21 saturated fat, cholesterol, Web of Causation for Myocardial Infarction (Heart Attacks)Taken from Friedman, G. D. (1994).Primer of Epidemiology (5th Ed.).New York: McGraw-Hill, p.4.Natural selection ofmetabolic adaptationto starvationSocialpressuresIndustrialsocietyDietary excesses insaturated fat, cholesterol,calories, saltPersonality &emotionalstressHereditaryfactorsCigarettesmokingLack ofexerciseObesityCoronaryarterydistributionDiabetes orcarbohydrateintoleranceHyperlipidemiaIncreasedcatecholaminesThrombotictendencyHypertensionSignificantcoronaryatherosclerosisDeficiency incollateralcirculationMyocardialsusceptibilityThe authors note that “Despitethe apparent complexity of thisdiagram, it is undoubtedly anoversimplification and willcertainly be modified by further study.” (p. 5).Coronary occlusionMyocardialinfarction
22 Web of Causation for Academic Achievement Instruction Academic
23 Web of Causation forSocial CompetencePunishmentSocial Competence
25 Areas of RiskHome Language “Is English the primary language spoken at home?”Mobility “Have you moved more than once in the past three years?”Peer Associations “Do you generally approve of your child’s closest friends?”Family Bonding “Do you regularly attend community, social, or religious meetings?”Community Affiliation “Do your neighbors generally monitor their children’s activities?”Academic Risk “Do you have a high school diploma/GED?”Economic Risk “Do you have Internet access at home?”
26 Relationship between Risk and Academic Achievement (Indicators of School Quality- ISQ)As average school risk increases, average school achievement test scores decline (at each of the four grade levels of testing). Risk is measured by parent perceptions recorded by ISQ. Low risk is defined as 0-2/7 risks; moderate is 3-5/7; and high risk is 6-7/7 risk categories identified.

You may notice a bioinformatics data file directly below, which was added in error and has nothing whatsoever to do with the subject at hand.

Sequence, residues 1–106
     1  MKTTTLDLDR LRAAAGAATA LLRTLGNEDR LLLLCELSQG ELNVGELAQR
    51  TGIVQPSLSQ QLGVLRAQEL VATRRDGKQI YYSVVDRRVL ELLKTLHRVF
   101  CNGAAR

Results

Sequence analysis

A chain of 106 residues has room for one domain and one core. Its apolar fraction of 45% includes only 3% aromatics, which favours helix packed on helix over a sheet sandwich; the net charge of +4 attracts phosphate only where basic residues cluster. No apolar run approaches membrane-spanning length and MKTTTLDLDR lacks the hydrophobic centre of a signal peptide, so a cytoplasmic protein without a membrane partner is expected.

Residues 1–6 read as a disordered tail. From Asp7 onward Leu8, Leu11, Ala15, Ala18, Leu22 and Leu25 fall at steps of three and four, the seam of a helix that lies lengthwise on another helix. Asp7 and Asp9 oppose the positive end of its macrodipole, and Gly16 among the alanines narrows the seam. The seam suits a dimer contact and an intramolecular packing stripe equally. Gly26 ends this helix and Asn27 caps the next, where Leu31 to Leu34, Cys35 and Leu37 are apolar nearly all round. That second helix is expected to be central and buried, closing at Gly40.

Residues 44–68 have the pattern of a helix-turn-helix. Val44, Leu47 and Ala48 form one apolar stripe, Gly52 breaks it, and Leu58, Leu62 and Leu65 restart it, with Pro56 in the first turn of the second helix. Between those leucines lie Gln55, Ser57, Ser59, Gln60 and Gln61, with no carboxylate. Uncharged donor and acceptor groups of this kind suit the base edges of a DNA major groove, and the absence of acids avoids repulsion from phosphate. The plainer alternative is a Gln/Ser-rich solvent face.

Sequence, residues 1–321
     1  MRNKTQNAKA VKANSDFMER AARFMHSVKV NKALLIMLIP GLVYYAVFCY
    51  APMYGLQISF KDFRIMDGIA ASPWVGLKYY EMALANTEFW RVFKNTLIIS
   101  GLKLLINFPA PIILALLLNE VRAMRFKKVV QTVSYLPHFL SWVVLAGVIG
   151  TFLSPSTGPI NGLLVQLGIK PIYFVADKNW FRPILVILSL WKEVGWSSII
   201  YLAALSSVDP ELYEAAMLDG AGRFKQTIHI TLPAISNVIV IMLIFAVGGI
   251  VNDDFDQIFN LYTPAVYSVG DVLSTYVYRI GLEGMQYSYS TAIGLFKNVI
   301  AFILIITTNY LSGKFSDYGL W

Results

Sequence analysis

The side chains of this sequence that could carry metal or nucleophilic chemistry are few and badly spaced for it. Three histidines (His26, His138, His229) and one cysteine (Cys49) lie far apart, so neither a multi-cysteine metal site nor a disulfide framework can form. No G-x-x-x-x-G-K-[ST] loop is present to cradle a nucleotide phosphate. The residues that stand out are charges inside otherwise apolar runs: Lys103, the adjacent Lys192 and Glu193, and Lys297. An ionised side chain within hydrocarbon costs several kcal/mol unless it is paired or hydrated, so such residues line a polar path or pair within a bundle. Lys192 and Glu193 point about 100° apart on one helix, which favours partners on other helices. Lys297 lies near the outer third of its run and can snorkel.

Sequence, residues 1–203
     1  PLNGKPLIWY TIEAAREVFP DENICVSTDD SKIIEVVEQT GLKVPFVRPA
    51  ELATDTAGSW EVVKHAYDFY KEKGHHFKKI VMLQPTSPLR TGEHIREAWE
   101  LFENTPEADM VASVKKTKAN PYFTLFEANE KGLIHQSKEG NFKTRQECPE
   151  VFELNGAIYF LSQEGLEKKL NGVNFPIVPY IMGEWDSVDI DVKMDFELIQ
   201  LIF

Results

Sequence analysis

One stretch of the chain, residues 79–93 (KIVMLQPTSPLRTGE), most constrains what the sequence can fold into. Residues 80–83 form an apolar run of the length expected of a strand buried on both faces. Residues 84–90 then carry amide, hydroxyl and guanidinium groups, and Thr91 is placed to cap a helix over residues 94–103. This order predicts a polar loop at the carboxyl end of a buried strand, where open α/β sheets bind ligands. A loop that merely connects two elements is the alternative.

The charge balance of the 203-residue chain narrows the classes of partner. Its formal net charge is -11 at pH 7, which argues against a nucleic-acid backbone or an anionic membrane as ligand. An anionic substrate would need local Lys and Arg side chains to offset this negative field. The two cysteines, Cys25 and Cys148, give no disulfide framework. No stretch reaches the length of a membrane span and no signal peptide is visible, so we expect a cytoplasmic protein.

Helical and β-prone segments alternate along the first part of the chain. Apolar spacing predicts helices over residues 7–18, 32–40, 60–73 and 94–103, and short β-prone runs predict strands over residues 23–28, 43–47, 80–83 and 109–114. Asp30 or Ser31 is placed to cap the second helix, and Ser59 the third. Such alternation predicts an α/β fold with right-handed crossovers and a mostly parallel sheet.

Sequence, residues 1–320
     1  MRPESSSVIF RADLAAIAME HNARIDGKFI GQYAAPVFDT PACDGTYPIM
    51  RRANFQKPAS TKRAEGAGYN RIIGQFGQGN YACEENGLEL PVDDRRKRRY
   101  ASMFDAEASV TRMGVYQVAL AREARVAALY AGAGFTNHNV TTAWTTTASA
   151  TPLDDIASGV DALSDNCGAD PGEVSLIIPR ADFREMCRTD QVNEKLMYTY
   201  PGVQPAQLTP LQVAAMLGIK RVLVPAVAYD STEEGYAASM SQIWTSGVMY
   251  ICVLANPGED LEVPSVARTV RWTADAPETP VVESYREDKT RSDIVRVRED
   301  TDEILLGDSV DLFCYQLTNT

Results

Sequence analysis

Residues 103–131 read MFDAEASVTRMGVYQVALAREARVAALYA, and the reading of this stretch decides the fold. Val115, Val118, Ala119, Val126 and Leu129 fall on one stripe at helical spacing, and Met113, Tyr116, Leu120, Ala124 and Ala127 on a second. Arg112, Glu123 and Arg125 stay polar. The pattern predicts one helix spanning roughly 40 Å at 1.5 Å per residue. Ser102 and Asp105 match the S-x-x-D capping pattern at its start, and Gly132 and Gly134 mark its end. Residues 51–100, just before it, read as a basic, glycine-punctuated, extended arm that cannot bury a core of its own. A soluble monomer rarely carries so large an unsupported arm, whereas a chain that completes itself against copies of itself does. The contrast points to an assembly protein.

27 ISQ and Academic Achievement The variables measured by ISQ account for more than 80% of the variance of academic achievement scoresEven when “risk” is removed from the equation, the correlations between ISQ variables and achievement are statistically significant
28 “For more than a hundred years much complaint has been made of the unmethodological way in which schools are conducted, but it is only within the last thirty that any serious attempt has been made to find a remedy for this state of things. And with what results? Schools remain exactly as they were.”John Amos ComeniusThe Great Didactic1632
29 Of Every 100 White Kindergartners: (25-to 29-Year-Olds)Source: US Department of Commerce, Bureau of the Census. March Current Population Surveys, , in The Condition of Education 2002.
30 Of Every 100 African American Kindergartners: (25-to 29-Year-Olds)Source: US Department of Commerce, Bureau of the Census. March Current Population Survey, , In The Condition of Education 2002.
31 Of Every 100 Latino Kindergartners: (25-to 29-Year-Olds)Source: US Department of Commerce, Bureau of the Census. March Current Population Surveys, , In The condition of Education 2002.
32 Of Every 100 American Indian/Alaskan Native Kindergartners: (24 Year Olds)